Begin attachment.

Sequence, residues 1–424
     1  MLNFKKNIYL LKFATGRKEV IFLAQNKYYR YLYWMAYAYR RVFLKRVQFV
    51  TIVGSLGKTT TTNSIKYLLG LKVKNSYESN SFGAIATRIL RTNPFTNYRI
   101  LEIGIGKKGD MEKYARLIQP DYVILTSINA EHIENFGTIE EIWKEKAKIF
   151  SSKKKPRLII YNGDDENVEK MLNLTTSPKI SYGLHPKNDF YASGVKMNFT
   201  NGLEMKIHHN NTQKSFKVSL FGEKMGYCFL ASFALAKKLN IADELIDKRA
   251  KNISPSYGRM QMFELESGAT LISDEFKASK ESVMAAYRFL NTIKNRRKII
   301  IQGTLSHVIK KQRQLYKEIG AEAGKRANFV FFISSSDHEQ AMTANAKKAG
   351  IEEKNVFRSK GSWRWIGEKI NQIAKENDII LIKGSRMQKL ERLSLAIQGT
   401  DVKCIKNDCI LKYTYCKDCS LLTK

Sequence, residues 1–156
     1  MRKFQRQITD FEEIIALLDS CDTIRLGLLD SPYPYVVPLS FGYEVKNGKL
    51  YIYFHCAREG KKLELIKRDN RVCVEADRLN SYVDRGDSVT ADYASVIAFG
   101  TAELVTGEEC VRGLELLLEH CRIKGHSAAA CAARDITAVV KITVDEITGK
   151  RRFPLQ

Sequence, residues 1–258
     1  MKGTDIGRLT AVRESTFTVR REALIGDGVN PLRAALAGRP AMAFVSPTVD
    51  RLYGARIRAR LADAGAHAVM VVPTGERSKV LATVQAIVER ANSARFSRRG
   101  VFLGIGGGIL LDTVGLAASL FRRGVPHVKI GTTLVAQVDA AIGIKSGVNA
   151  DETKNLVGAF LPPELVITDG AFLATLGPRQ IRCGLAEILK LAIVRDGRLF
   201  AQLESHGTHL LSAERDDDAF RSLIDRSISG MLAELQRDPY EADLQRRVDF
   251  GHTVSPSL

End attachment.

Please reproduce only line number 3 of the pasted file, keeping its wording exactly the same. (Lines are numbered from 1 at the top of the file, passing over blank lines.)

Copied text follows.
    51  TIVGSLGKTT TTNSIKYLLG LKVKNSYESN SFGAIATRIL RTNPFTNYRI